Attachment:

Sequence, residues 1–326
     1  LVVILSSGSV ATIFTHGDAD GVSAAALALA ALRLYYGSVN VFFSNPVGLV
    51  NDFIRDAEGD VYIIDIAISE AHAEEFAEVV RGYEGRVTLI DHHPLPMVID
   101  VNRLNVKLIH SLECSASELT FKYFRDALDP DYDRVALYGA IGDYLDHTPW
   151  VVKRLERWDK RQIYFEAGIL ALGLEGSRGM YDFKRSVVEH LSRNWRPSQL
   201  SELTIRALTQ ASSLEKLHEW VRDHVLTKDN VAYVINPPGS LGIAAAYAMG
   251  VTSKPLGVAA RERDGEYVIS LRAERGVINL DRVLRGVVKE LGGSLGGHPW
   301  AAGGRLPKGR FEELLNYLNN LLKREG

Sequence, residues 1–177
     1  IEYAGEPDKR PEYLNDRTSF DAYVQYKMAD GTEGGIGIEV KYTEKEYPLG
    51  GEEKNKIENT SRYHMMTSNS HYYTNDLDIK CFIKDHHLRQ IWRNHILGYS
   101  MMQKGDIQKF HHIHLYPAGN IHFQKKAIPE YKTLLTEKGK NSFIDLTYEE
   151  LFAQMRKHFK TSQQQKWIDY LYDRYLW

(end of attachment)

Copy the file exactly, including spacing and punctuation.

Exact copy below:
Sequence, residues 1–326
     1  LVVILSSGSV ATIFTHGDAD GVSAAALALA ALRLYYGSVN VFFSNPVGLV
    51  NDFIRDAEGD VYIIDIAISE AHAEEFAEVV RGYEGRVTLI DHHPLPMVID
   101  VNRLNVKLIH SLECSASELT FKYFRDALDP DYDRVALYGA IGDYLDHTPW
   151  VVKRLERWDK RQIYFEAGIL ALGLEGSRGM YDFKRSVVEH LSRNWRPSQL
   201  SELTIRALTQ ASSLEKLHEW VRDHVLTKDN VAYVINPPGS LGIAAAYAMG
   251  VTSKPLGVAA RERDGEYVIS LRAERGVINL DRVLRGVVKE LGGSLGGHPW
   301  AAGGRLPKGR FEELLNYLNN LLKREG

Sequence, residues 1–177
     1  IEYAGEPDKR PEYLNDRTSF DAYVQYKMAD GTEGGIGIEV KYTEKEYPLG
    51  GEEKNKIENT SRYHMMTSNS HYYTNDLDIK CFIKDHHLRQ IWRNHILGYS
   101  MMQKGDIQKF HHIHLYPAGN IHFQKKAIPE YKTLLTEKGK NSFIDLTYEE
   151  LFAQMRKHFK TSQQQKWIDY LYDRYLW